- The Washington Times - Wednesday, January 16, 2002

RICHMOND Black members of the House of Delegates who unanimously voted to recite a pledge to the Virginia flag before each day's session now say they are offended by the tribute, after learning it was written by a member of the United Daughters of the Confederacy.
Those opposed to the "Salute to the Flag of Virginia" say it invokes an era of segregation in Virginia because the pledge first adopted by the General Assembly in 1954 is the same one used by members of the Virginia chapter of the UDC to open their meetings. It was written by a UDC member in 1946.
The 30-word salute reads: "I salute the flag of Virginia, with reverence and patriotic devotion to the 'Mother of States and Statesmen,' which it represents the 'Old Dominion,' where liberty and independence were born."
Ten of the 15 members of the Legislative Black Caucus met for an hour-and-45-minute, closed-door session last night to discuss their options. House Speaker S. Vance Wilkins Jr., Amherst Republican, also attended the meeting, and expressed confidence that the issue would be resolved.
Caucus Chairman Mary T. Christian, Hampton Democrat, said she would probably still not recite the pledge today, even though she acknowledged voting for it. Other members of the caucus have indicated they will not recite the pledge either, as some did not yesterday.
"We were caught [up] in the patriotism of the moment," Miss Christian said. The caucus is supposed to meet again this morning and decide what, if any, action they will take on the floor of the House. A compromise could also be reached by then, and Miss Christian said she does not want the controversy to go beyond this week. But all 34 House Democrats may walk out as a sign of unity, sources said, if the Black Caucus decides to do so.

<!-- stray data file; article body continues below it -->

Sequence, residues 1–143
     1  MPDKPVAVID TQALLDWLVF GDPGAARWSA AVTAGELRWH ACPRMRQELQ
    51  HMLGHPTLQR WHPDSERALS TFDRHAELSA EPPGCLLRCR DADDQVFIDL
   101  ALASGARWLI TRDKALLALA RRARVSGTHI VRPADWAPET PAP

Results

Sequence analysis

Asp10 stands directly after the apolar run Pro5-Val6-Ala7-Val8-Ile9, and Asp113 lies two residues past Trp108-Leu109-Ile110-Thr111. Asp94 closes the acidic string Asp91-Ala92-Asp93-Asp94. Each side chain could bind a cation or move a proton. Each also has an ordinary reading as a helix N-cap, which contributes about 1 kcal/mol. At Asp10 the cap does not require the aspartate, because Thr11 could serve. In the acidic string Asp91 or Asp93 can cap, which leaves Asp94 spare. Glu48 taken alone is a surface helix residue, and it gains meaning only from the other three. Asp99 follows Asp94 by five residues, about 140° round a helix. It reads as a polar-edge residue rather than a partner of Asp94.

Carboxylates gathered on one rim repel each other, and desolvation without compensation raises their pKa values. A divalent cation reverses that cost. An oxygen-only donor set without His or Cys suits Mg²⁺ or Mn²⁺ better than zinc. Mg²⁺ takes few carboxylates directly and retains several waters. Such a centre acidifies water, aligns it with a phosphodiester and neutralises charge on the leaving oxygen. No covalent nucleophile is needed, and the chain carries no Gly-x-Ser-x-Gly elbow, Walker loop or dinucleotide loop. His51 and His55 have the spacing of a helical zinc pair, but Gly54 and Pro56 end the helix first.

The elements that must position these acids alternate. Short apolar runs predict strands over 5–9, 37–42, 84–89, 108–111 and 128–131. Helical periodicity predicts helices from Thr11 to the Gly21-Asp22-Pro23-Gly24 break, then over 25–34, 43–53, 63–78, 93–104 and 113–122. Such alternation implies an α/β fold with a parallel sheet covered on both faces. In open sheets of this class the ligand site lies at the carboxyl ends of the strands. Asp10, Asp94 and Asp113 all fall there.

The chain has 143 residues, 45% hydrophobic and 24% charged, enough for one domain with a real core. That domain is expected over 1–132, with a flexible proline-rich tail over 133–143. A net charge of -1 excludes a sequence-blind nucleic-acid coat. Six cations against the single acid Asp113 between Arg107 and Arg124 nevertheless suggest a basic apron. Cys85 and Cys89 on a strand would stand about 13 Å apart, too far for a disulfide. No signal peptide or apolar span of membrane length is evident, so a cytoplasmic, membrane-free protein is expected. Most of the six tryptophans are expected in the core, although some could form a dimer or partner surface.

On the first day of the General Assembly last Wednesday, Delegate Robert F. McDonnell proposed that the House open its day with a prayer, the Pledge of Allegiance to the American flag, and the pledge to the state flag. In a voice vote, the measure was approved and adopted as part of the House's rules.
Even the next day, black lawmakers amid the 100-member body cheered after both pledges were recited. It was not until an article in the Richmond Times-Dispatch revealed the origins of the pledge that some lawmakers complained.
Delegate Lionell Spruill Sr. said yesterday he will not say the state pledge anymore, though he does not have a problem with the wording. It is the origins of the pledge that bothers him.
"Don't keep bringing up stuff from the past," said Mr. Spruill, Chesapeake Democrat. "Things have changed now. Let's not keep rubbing it in."
Other black Democrats say they do have a problem with the wording of the salute.
Delegate Dwight Clinton Jones, Richmond Democrat, according to press accounts, said even the phrase "Old Dominion" is unsettling to him.
There is a state school called Old Dominion University in Norfolk, and the organization for black lawyers is called the Old Dominion Bar Association.
Delegate Winsome E. Sears of Norfolk, the House's only black Republican, said she believes those making a fuss over the state pledge are making "much ado about nothing."
"Words are words. They mean different things to different people," said Mrs. Sears, who was not present at yesterday's meeting. "Now is not the time to find differences."
Many Republicans point out that, taken to their logical conclusion, these complaints would mean denouncing the Declaration of Independence and the Virginia Statute of Religious Freedom, which were written by Thomas Jefferson, a slave-holding Virginian.
"We are going to have to distance ourselves from the foundations of this nation and state," said Mr. McDonnell, Virginia Beach Republican.
"I am very troubled that we are in this situation," said Mr. McDonnell, who was expected to be invited to attend this morning's caucus meeting to make his case.
House Majority Leader H. Morgan Griffith, Salem Republican, said he still has trouble understanding why the Black Caucus is so opposed to it, especially the wording.
"How can you say it any better than it is said now?" Mr. Griffith asked.

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